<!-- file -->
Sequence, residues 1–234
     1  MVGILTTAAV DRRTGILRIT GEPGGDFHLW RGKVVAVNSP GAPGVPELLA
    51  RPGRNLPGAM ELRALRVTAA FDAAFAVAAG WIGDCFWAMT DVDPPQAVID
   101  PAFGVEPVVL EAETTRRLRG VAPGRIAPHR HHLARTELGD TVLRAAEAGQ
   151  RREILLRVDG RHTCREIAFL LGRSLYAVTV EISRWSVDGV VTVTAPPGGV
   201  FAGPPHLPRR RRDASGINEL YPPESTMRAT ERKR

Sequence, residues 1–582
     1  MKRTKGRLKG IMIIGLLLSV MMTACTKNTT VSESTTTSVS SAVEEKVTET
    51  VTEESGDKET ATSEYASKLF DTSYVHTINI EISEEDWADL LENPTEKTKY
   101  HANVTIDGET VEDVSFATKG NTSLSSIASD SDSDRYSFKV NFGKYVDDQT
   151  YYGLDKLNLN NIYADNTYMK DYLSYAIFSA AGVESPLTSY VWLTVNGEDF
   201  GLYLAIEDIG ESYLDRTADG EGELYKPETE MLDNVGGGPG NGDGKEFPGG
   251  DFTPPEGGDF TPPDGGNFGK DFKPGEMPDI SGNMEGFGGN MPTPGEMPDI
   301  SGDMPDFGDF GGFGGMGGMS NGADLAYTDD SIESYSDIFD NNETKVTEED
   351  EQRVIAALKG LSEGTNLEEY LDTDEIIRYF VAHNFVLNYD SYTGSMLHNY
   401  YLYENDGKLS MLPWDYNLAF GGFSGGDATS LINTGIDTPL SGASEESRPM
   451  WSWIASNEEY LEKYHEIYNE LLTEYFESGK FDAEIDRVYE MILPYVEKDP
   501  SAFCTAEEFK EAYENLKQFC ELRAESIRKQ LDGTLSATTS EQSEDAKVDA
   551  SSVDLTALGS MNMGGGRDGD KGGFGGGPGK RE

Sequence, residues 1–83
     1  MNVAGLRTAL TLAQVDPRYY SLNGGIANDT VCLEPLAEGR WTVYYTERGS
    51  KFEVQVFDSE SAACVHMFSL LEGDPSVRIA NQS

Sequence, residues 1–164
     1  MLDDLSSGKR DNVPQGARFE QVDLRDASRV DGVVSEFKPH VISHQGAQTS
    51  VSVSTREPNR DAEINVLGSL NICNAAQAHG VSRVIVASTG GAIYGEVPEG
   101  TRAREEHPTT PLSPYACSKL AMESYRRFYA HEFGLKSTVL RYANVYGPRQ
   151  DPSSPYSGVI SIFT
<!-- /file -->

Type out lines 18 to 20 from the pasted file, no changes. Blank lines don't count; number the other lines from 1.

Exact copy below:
   501  SAFCTAEEFK EAYENLKQFC ELRAESIRKQ LDGTLSATTS EQSEDAKVDA
   551  SSVDLTALGS MNMGGGRDGD KGGFGGGPGK RE

Sequence, residues 1–83